All writing has been in conjunction with local sources on the ground in Uganda. They are satisfied with the result and it has been anonymised at their request.
Kireka Township at night feels more energised than at day. No drop in the traffic, nor the business, nor the bustle. The heat is softer. There is more to do outside of the home. Oil drum fires deputise for the erratic lighting. The limited power is diverted to PlayStations outside bars and shops. It is the right choice. The delight of the group watching a game of FIFA 15 unfold is obvious. Children shriek at each goal and near miss; youths drink Club beer and curse their two friends playing for their lack of skill. They would have done better of course. A young entrepreneur has a book running for anybody up for a flutter. Unable to resist I join the group, basking in the boisterous fun. Leicester lead Tottenham two goals to one. Football shirts from the Premier League are the mode here.
“Msungu, Msungu! Are you English?” A small boy, eyes lit up, wants to know. I let him know that I am.
“Vardy! I want to be him. He’s a good player.” His friends cheer in agreement. The youths nod in agreement.
I wonder if Vardy knows that he is a hero here. Globalisation is not all bad. Running late for a meeting, I drag myself away.
The meeting is taking place in the function room of a guest house across the market on the railway track. There is a brisk trade in beer at the bar. Men and women unwinding after work; the odd cigarette here and there. Smoking is beyond the means of most Ugandans. The new public spaces smoking ban choking off whatever market was left. High-tempo music blares from the entrance to the function room. The introductory dance is underway as I enter.
All present are up in front of the semi-circle of chairs, the Society President acting as dance leader, the rest behind him, mimicking his movement a split second later. Fun aside, communal song and dance serves a cohesive purpose that permeates through all of society. The Ugandan People’s Defence Forces fighting in Somalia start each day in a similar way. Its function is to bind people through a common, synchronous activity – a team building activity. There is still a hierarchy, whoever is leading the dance, be it Society President or Sergeant Major, is in control. Perhaps only symbolically, everyone knows the choreography. Still, the sense of belonging usually fosters a commonality for whatever business is to follow. A transitionary event: individuals transforming into a group. Though the music and dance moves have changed, the basic template has not altered much from the past. Similar practises are reported across the previous century when ethnologists first arrived. The sense of tradition is noted by the young people performing, but it is their interpretation of the rite. The tool has ably served successive generations so is not fundamentally changed. Each inheritor just gives it a new colour scheme. The music dies amongst cheering and clicking; they all return to their seats. I take mine next to a friend. Curious, I ask her about what just occurred.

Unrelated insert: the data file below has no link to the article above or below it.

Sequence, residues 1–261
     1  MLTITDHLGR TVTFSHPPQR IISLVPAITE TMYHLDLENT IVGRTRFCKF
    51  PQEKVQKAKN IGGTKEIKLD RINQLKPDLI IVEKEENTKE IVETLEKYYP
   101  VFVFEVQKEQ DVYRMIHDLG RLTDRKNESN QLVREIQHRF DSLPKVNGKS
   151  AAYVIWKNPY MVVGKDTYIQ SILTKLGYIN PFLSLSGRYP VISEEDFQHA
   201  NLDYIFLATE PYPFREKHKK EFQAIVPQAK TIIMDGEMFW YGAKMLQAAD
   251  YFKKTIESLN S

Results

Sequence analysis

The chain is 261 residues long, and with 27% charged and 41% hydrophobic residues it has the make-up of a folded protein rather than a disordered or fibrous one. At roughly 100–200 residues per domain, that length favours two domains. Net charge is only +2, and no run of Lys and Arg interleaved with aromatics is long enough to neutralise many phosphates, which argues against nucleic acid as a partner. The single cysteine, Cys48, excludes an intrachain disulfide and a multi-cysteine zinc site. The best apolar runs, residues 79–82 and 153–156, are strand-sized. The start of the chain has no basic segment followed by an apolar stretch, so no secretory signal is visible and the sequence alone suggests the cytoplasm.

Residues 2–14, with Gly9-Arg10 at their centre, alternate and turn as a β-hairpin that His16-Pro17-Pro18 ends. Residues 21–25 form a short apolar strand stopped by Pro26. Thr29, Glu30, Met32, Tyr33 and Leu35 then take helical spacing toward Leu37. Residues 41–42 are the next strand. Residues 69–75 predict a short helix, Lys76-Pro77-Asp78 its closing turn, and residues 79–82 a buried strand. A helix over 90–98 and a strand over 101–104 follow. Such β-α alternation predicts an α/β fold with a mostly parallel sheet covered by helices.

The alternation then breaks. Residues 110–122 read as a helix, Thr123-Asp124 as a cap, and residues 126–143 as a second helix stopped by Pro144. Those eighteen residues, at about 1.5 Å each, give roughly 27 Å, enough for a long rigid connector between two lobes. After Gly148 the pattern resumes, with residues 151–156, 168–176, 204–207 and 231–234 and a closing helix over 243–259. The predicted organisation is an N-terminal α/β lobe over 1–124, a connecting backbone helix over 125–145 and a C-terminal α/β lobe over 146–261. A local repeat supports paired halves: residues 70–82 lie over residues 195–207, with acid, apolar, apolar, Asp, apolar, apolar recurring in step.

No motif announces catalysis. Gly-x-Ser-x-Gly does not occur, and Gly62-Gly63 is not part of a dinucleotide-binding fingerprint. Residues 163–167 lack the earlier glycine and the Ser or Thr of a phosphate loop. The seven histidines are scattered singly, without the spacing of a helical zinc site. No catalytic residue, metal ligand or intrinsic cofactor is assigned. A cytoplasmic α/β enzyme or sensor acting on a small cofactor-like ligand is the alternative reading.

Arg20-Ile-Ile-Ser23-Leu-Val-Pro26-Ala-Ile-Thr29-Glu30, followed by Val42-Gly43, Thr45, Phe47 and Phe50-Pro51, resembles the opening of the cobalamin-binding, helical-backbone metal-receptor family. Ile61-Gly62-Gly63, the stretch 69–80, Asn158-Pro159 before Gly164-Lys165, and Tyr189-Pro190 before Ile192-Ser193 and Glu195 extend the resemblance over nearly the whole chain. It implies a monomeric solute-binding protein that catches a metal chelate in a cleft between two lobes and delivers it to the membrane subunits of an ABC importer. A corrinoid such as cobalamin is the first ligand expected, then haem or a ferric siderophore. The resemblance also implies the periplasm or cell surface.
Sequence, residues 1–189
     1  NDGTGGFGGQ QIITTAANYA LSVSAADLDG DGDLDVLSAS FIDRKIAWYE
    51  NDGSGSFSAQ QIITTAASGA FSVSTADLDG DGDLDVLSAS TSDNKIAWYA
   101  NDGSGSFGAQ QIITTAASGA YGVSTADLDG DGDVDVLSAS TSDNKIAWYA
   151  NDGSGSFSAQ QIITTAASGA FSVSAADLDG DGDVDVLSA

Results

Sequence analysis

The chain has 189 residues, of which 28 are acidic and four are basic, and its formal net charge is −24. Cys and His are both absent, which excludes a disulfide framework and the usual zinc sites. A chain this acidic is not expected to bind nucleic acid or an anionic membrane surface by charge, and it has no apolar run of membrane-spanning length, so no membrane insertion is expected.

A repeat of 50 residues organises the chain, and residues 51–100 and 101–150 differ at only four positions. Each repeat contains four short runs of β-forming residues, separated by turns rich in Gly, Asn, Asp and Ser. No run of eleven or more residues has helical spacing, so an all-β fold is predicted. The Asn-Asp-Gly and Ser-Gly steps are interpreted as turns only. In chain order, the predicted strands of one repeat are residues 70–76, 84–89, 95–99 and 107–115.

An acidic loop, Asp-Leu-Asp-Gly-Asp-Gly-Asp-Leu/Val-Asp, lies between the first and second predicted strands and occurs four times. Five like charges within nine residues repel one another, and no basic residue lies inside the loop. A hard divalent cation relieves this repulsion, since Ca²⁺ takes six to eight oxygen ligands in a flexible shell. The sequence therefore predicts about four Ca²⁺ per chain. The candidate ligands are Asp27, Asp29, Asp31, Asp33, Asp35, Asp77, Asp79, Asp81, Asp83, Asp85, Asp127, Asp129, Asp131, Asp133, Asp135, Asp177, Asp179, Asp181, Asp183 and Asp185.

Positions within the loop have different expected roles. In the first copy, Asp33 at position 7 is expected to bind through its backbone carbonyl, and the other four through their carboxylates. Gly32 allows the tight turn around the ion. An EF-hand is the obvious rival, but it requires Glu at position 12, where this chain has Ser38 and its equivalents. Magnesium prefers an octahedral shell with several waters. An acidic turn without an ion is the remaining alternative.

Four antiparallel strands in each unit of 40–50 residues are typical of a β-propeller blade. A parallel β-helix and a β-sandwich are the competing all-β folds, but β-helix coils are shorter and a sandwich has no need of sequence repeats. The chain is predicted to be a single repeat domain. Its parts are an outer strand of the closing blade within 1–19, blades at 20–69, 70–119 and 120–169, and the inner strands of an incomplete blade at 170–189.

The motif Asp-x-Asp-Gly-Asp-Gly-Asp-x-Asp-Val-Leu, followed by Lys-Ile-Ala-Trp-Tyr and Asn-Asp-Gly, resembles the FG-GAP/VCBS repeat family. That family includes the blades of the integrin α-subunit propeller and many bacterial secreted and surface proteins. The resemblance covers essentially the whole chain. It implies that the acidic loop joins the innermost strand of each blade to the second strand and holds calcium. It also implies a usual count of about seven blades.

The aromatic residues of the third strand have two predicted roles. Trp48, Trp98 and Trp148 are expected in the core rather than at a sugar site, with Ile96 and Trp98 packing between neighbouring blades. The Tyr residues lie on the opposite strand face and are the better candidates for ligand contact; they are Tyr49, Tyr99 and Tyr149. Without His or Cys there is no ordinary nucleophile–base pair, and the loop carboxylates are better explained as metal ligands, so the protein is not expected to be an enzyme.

“It’s called dancing,” she replies deadpan.
“Most things start like that. It’s just what we do” she says.
The meeting runs smoothly. It exemplifies all that is best in modern Uganda. The Society, which focusses on development, is a diverse bunch. Christian and Muslim, male and female, rich and poor, representing tribes from North, South, East, and West. The developmental aims are geared towards individual action and a growing self-sufficiency amongst communities. This is unsurprising. In a state with poor infrastructure, endemic corruption, and little sign of fundamental change, people are delivering their own. The country topped the Approved Index ranking of most entrepreneurs proportionally: 28% of the adult population. This can be coloured as an inevitable survival reflex. You need to eat, you need money to eat, and you need to make money. There is not employment? Make your own. The flipside is that it is genuine entrepreneur endeavour and industry. Individuals choosing goals and following them. In a place where people have not been overly dependent on any form of the state, present or past, then the latter may account for more decision making than expected. It is people, like my university friends around me, who are helping to drive this. Their motives are varied.
For some, there is the self-expressed religious intent. Help thy neighbour. Given the power of religion within the societal superstructure, there is little to doubt their sincerity. Others, so they will have better job prospects and futures. Doing it for the CV. No sense in begrudging them, economic pressures are dominant in most aspects of decision making here. Some raise semi-formed notions of African or Tribal socialism. That it is political duty to help others, in a manner similar to the tribe or family. In a place with such entrepreneurial spirit their outlook is neither socialist nor capitalist. More like a third way: communal support of individualist endeavour. Still as is usually the case, it is a merging of these motives for most and ultimately it has led to exuberant development work.
Sitting amongst this palpable enthusiasm and good will it is hard not to be optimistic about the future of Uganda. Through varied causes, communal spirit can be strong and positively focused. It is the counterbalance to corruption. I want to enjoy this side of Uganda for as long as I can.
Image: ‘Untitled’ by Ekin Gecergil